Solved Latest HP PC (not server) that is supported on Windows NT 4.

November 1, 2012 at 16:22:25
Specs: Windows NT 4.0
Wow, a Windows NT forum... I have a customer that is a slave to Win NT 4.0, they run an application that is only used on Win NT 4.0. They are a slave to the old school HP Vectra PC's. I have been replacing the parts, system board, drives, you name it for the past year or so. I would like to move them to something newer than these things.

Does anyone know what the latest type PC or architecture that can be used with Windows NT 4.0? Is there some type of matrix that shows all boxes / CPU types that are supported on NT 4.0.

Any info would be greatly appreciated.


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November 1, 2012 at 22:38:27
NT4 will not run on even remotely modern hardware. The problem is the lack of NT4 compatible drivers. Hardware manufacturers gave up on NT4 a long time ago.

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November 3, 2012 at 21:18:24
✔ Best Answer
You don't have to limit yourself. NT 4.0 will install on any modern machine, just get one that has PCI slots and ISA if required for video/sound/network.

If you're going to be employing legacy ISA video/sound/network cards (the old long black slots), IEI Technologies still manufactures modern motherboards with 2 ISA slots on them (see here). The specific boards with ISA slots are the IMBA-G412ISA and the IMBA-9454ISA.

If you're worried about device drivers, it isn't hard to take NT 4.0-compatible video/sound/network cards from one old NT machine and put them in the newer one. As LMiller7 said, you won't find new video/sound/network hardware with NT drivers, so this will be your only route to get NT working with new hardware. To avoid messing around too much you're going to want a board that supports IDE drives (SATA can be done but may be challenging), and slots for PCI and ISA cards (ISA only if needed for video, sound, and network). Get a modern board and processor with 4GB RAM and NT will run very nicely on it.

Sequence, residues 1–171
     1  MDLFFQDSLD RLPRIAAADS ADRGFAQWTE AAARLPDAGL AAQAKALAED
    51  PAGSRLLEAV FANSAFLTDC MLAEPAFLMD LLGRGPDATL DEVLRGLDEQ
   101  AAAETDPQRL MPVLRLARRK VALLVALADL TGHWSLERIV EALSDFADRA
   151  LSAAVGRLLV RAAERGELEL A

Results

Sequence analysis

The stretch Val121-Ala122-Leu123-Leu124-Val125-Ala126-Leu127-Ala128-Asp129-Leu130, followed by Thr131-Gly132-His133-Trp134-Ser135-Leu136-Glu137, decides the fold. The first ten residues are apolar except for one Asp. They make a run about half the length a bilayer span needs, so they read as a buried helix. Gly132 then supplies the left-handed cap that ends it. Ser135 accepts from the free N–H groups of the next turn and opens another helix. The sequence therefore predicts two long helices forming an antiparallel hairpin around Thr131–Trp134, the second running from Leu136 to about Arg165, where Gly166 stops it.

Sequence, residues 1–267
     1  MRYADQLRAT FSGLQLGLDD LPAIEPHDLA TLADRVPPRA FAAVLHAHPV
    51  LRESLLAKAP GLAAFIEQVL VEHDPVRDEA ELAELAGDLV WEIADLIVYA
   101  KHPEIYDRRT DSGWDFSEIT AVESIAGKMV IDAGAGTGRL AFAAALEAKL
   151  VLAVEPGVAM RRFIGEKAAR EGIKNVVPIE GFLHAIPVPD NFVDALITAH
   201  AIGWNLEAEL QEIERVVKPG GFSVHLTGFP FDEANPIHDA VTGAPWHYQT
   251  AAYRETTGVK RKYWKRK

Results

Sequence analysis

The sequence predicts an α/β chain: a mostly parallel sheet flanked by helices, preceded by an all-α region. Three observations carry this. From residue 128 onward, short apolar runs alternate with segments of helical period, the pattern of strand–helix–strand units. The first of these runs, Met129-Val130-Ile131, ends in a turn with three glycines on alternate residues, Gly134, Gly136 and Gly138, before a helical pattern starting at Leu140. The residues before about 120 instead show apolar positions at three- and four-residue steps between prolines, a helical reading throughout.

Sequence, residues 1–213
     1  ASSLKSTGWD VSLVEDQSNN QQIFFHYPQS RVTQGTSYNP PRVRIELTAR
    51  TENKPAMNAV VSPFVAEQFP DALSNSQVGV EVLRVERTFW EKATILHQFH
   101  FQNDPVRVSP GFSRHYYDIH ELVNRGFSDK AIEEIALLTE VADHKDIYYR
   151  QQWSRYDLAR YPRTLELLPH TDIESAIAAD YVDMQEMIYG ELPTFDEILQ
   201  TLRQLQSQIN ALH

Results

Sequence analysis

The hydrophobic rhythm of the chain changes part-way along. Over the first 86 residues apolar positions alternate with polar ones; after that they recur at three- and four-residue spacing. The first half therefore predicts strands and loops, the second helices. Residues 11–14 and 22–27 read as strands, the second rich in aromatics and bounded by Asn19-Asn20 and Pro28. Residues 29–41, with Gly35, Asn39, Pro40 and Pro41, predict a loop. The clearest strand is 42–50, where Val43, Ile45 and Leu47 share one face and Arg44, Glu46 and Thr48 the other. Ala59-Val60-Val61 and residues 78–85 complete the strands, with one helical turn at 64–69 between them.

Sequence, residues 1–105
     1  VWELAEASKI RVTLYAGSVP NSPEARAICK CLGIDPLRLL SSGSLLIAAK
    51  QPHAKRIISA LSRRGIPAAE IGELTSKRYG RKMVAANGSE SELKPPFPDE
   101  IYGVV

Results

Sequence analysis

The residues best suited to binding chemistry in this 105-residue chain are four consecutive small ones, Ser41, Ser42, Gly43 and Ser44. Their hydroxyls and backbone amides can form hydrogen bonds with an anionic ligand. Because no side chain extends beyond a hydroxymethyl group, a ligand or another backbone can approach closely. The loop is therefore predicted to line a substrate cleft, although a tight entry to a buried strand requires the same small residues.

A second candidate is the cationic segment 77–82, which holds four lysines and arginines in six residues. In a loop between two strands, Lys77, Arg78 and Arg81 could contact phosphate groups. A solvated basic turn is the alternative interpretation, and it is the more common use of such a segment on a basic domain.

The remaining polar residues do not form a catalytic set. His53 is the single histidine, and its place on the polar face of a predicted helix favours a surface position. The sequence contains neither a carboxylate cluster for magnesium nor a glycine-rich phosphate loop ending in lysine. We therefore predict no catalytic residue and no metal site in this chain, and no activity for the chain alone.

I've installed Windows 95 and NT 4.0 both on modern equipment. Again, device drivers would be your only issue but I mentioned how to get around that. It's true hard drives don't last forever, but I've got video/sound/network cards from 20 years ago that still work. Cards have a lack of moving parts likely means a very long (but still finite) lifetime. There is no reason you shouldn't be able to get NT up and running on a newer board/processor/RAM.

If you need further guidance, let me know. Generally if you want it, it can be done.

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November 10, 2012 at 03:18:44
If you are interested, there is another way to run NT 4.0 on up to date machines:

run NT as guest inside a virtual machine hosted by a modern operating system.

You can choose VMWare or a free system as MS Virtual PC or the open source VirtualBox. Both are higly reliable and pretty easy to set up. The NT 4.0 environment and the host system can be fully integrated just like any usual Windows application since under virtualization NT 4.0 executes in a window or, if you prefer, at full screen. I used that technique for legacy Win 95 programs under Vista and all went fine.

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